Rotor syndrome

Rotor type hyperbilirubinemia.

Rotor syndrome is a rare cause of mixed direct (conjugated) and indirect (unconjugated) hyperbilirubinemia.

Caused by mutations in two proteins responsible for transporting bilirubin and other compounds from the blood to the liver to be metabolized and cleared from the body.

The SLCO1B1 and SLCO1B3 genes are involved in Rotor syndrome.

Both proteins are found in liver cells; they transport bilirubin and other compounds from the blood into the liver so that they can be cleared from the body. 

The SLCO1B1 and SLCO1B3 gene mutations that cause Rotor syndrome lead to abnormally short, nonfunctional OATP1B1 and OATP1B3 proteins or an absence of these proteins. 

Without the function of either transport protein, bilirubin is less efficiently taken up by the liver and removed from the body. 

Mutations in both genes are required for the condition to occur. 

It is a relatively benign, autosomal recessive bilirubin disorder characterized by non-hemolytic jaundice due to the chronic elevation of predominantly conjugated bilirubin.

It is a distinct, yet similar, disorder to Dubin–Johnson syndrome, as both diseases cause an increase in conjugated bilirubin. 

Whereas rotor syndrome differs in that it is a result of impaired hepatocellular storage of conjugated bilirubin that leaks into plasma causing hyperbilirubinemia.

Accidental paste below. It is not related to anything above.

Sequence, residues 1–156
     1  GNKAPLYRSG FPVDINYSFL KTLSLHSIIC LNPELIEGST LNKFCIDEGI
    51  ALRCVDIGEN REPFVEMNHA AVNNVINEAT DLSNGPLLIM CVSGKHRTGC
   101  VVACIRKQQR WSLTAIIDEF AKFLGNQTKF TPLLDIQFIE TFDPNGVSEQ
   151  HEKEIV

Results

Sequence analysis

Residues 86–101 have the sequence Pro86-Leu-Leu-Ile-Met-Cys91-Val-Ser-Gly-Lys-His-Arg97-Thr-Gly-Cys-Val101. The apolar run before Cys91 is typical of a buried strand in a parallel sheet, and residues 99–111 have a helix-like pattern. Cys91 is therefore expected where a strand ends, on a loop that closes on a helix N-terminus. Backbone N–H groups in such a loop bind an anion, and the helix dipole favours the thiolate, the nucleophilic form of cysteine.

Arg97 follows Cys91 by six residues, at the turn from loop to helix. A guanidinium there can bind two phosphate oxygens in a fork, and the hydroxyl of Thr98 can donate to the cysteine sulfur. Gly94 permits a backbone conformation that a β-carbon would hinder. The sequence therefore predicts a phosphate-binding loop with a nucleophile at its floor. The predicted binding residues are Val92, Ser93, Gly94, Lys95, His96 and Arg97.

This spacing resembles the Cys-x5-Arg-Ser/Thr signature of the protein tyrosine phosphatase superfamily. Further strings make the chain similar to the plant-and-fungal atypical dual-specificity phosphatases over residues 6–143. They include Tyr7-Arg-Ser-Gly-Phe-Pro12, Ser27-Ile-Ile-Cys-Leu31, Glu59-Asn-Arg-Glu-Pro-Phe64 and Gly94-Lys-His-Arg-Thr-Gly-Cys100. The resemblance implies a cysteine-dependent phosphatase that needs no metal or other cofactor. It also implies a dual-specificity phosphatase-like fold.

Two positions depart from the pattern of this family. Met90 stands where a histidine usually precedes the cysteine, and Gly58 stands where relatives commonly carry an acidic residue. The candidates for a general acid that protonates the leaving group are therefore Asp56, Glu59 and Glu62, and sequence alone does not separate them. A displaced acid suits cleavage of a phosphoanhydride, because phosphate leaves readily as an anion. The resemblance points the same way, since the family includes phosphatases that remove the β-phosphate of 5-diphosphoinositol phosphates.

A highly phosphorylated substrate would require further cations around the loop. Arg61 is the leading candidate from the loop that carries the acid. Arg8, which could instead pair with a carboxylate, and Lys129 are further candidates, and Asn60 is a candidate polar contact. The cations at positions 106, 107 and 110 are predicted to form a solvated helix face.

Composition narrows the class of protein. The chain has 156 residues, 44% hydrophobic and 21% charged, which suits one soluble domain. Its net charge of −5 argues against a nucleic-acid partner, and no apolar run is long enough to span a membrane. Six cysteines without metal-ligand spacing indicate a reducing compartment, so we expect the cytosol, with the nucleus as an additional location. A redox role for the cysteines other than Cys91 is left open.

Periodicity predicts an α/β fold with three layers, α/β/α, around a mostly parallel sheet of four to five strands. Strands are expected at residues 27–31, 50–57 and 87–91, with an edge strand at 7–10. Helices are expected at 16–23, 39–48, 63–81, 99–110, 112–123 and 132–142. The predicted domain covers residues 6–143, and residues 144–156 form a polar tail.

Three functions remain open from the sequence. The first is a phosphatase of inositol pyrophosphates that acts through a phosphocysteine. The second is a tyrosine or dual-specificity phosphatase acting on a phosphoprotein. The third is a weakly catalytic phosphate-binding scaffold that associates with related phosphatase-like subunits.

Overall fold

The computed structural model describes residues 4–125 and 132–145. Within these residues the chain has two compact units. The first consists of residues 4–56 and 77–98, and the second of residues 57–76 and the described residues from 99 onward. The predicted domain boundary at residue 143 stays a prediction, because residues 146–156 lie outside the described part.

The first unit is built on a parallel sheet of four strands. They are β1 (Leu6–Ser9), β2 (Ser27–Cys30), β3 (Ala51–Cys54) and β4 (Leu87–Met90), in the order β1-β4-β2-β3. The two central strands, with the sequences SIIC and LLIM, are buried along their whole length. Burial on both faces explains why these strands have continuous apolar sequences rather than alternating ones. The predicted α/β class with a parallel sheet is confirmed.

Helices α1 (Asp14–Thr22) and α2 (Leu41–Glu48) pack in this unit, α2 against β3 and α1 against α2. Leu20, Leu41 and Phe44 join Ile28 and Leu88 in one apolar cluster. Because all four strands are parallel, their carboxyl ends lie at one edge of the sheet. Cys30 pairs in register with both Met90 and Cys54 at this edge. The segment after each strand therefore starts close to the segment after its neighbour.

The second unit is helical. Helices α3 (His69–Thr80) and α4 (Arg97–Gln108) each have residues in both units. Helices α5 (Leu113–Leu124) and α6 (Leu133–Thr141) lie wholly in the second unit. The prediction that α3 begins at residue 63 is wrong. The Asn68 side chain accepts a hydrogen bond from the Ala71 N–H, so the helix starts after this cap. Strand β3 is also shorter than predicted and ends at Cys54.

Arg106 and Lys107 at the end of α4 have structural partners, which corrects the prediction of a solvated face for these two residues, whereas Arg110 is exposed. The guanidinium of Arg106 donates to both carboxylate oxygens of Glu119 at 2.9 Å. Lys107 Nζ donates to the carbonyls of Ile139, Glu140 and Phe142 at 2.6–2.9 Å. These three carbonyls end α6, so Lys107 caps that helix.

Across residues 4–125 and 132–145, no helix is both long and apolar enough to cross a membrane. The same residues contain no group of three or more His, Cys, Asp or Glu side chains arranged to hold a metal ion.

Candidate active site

It has many features in common with Dubin–Johnson syndrome, an exception being that the liver cells are not pigmented. 

The main symptom is a non-itching jaundice. 

There is an increased bilirubin in the patient’s serum: mainly of the conjugated type.

The liver has a normal histology and appearance vs black appearing liver with Dubin-Johnson syndrome.

The gallbladder can be visualized by oral cholecystogram, but this is not the case with Dubin-Johnson syndrome.

Rotor syndrome may exacerbate toxic side effects of the medication irinotecan.

Coproporphyrin I, a major coproporphyrin isomer in bile, is transported from the hepatocyte back into the circulation and is excreted in the urine: it is elevated in Rotor syndrome.

Cholescintigraphy using sulfobromophthalein (BSP) have shown that the transport capacity of dye into bile is reduced by less than 50%, and the storage capacity in the hepatocytes is decreased more than 5-fold compared with normal values.

In the liver, bilirubin is dissolved in bile and then excreted from the body. 

The buildup of bilirubin leads to jaundice in people with Rotor syndrome.


Increased conjugated hyperbilirubinemia is the hallmark for diagnosis.

Genes, SLCO1B1 and SLCO1B3 that result in complete functional deficiencies of both protein products (OATP1B1 and OATP1B3, respectively), are also present.

IT is largely a diagnosis of exclusion.

Elevated total serum bilirubin:  between 2 to 5 mg/dL but may be as high as 20 mg/dL.

Most of the time, liver functions  are normal, but mild elevations can be seen.

The best method of diagnosing the disease is the analysis of urine coproporphyrin excretion.

The total urine coproporphyrin excretion in Rotor syndrome has a 2- to 5-fold elevation, with 65% constituting coproporphyrin I.


Rotor syndrome is a benign disease requiring no treatment.

Jaundice is a lifelong finding.

The  disease is not associated with morbidity or mortality, and life expectancy is not affected.

Most individuals with Rotor syndrome are born to consanguineous couples.

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